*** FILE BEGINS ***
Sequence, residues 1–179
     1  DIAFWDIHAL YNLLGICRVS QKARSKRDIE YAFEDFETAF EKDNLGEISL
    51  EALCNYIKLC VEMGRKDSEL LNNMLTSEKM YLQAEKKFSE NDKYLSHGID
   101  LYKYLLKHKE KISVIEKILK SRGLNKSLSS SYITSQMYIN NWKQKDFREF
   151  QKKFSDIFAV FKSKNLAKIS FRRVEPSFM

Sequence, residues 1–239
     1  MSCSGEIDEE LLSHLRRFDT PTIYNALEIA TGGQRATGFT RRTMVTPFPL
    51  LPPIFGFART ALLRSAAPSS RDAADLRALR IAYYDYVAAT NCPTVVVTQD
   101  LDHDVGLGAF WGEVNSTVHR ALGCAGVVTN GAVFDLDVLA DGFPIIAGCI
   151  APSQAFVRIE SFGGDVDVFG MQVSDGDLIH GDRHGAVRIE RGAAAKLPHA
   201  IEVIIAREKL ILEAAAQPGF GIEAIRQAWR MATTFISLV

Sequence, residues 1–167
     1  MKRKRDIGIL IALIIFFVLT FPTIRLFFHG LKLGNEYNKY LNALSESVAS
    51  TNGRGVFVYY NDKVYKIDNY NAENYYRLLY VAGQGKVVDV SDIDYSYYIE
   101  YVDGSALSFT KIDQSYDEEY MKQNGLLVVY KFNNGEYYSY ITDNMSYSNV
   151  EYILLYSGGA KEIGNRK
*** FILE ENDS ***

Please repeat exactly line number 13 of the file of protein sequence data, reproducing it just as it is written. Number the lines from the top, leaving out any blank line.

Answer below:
     1  MKRKRDIGIL IALIIFFVLT FPTIRLFFHG LKLGNEYNKY LNALSESVAS